Conspiracy theorists question the claim that the damage to the right side of the Rhodesian Man’s skull was not caused by “shattering.” They also deny the infection theory by pointing to the auroch skull with a similar hole in the forehead, challenging researchers to explain what infection caused a “bullet hole” in the thick front part of the skull of a prehistoric bison.
Suggestions that the hole could have been caused by traditional weapons, such as a spear or javelin, have been convincingly ruled out.
A low-velocity projectile, such as a spear or a javelin, impacting on a skull produces radial cracks. These are fine, hairline fractures of the skull originating from the point of impact. Observation that the skull does not have striations around the hole effectively rules out the possibility that the hole was caused by a low-velocity projectile.
In his book Technology of the Gods: The Incredible Sciences of the Ancients, author David Hatcher Childress claims that a German forensics expert concluded after examining the hole that “the cranial damage to Rhodesian man’s skull could not have been caused by anything but a bullet.”
Rene Noorbergen points out in his book Secrets of The Lost Races that the features observed in the ancient skull are “seen in modern victims of head wounds received from shots from a high-powered rifle.”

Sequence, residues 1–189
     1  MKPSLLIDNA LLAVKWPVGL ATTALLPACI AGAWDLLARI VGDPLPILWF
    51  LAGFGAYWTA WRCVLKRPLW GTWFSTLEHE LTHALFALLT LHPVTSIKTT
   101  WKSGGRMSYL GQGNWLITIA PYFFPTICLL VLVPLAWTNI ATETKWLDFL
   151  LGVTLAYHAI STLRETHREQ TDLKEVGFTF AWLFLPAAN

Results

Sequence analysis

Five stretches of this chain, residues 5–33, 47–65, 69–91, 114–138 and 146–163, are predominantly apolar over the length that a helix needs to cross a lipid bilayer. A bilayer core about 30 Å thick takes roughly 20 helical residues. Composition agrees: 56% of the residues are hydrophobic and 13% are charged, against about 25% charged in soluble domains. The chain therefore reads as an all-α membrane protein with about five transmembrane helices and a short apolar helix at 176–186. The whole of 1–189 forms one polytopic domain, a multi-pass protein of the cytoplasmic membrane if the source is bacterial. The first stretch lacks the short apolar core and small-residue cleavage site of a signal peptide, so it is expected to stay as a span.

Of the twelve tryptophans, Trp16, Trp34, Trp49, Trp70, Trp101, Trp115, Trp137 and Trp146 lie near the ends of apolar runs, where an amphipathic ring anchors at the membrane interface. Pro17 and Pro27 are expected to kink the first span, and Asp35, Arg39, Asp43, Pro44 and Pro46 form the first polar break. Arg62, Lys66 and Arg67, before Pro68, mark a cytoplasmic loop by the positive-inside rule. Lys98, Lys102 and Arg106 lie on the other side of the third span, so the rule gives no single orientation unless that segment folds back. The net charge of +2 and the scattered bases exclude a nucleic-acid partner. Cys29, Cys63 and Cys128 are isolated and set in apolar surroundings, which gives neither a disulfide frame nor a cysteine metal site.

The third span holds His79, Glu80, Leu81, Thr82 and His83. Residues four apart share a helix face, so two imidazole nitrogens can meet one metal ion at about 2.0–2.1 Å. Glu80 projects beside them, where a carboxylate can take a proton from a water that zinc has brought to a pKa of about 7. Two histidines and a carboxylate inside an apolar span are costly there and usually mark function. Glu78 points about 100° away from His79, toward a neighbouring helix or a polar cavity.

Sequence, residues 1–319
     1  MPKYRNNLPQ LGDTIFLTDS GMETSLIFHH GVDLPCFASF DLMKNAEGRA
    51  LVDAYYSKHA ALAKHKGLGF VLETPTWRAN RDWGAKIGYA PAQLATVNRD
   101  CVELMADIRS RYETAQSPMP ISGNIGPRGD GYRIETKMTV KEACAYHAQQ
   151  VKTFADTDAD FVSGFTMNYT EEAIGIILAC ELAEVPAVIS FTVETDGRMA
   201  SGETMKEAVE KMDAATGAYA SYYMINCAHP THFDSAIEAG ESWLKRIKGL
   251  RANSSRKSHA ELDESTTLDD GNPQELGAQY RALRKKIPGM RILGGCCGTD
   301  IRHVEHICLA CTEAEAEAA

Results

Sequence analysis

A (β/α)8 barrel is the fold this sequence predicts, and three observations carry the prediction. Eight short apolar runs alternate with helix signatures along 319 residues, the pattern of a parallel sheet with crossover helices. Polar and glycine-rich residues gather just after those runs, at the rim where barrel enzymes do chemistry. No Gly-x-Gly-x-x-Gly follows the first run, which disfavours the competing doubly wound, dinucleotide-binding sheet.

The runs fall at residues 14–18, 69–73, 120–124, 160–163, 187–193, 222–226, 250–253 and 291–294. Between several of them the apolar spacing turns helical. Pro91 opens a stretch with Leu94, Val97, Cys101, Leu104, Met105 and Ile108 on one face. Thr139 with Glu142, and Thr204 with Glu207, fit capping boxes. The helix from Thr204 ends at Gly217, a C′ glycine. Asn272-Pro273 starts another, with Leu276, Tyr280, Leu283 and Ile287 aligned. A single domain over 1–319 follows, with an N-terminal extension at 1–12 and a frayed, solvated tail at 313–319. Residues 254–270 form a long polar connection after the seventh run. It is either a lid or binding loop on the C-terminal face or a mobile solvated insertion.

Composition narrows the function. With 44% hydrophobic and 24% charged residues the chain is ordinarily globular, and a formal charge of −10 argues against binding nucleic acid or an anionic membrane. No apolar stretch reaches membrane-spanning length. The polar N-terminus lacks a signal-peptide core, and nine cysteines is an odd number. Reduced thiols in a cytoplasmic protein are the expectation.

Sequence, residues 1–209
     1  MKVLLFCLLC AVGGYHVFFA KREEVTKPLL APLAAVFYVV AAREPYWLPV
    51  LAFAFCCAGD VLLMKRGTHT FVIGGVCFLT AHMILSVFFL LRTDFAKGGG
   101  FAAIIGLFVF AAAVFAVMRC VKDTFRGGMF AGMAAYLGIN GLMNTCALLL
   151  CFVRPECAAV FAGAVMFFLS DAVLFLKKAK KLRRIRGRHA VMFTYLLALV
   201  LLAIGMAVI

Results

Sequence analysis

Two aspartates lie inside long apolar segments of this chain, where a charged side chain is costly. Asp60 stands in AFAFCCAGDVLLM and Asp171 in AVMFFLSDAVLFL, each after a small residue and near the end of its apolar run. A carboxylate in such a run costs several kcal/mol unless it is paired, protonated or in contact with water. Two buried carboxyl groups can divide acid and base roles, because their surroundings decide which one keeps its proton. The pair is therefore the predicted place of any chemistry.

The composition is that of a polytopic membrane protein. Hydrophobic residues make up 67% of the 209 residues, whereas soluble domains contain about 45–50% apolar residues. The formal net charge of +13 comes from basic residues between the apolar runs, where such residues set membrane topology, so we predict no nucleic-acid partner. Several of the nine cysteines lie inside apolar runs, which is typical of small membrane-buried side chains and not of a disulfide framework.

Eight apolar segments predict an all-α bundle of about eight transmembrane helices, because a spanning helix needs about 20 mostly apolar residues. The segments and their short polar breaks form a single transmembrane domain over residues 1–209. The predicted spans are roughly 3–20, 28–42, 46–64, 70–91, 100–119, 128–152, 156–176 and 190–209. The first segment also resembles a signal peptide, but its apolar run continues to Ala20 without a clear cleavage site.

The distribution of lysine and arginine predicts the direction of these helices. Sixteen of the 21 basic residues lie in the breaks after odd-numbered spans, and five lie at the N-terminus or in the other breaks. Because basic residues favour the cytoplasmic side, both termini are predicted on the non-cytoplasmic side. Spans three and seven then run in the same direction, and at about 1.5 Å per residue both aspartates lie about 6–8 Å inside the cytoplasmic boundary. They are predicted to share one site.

The suggestion that the skull acquired the “bullet hole” in modern times, long after the individual had died, is ruled out by the fact that the skull was recovered with the hole already in it from 60 feet below the surface. The alternative suggestion that the skull is not as old as scientific researchers think is also refuted not only by the fact that it was found deep below the surface, but also by the fact that it belonged clearly to an extinct species of hominids.
Rejecting the argument by mainstream researchers that the hole was caused by a chronic infection, conspiracy theorists have speculated on the question: Who shot Rhodesian man?
The Shields Gazette argues that the discovery of an ancient bison or auroch skull thousands of miles away in Russia with a similar “bullet hole” in the forehead suggests that hunters armed with rifles roamed the earth thousands of years ago before the onset of historic civilization as we know it.
To explain the absence of direct evidence of such cultures, ooparts conspiracy theorists are forced to argue that natural events, such as asteroid impacts, might have wiped out evidence of technologically advanced prehistoric cultures.
The view popular among oopart conspiracy theorists is that the “bullet holes” provide evidence of human or non-human prehistoric civilizations thousands or even millions of years old that were far more technologically advanced than ever suspected.
Some conspiracy theorists also speculate that time travelers from the future armed with firearms might have conducted hunting expeditions in the past.
“Someone from the future, carrying a firearm, traveled back into the past and engaged in some sort of trans-temporal hunting expedition.”
The suggestion has led some to suggest tongue-in-cheek that we may discover in the future that the time travel habits of future human hunters contributed to major extinctions in geological history.
[Images: Smithsonian, Ancient-Origins]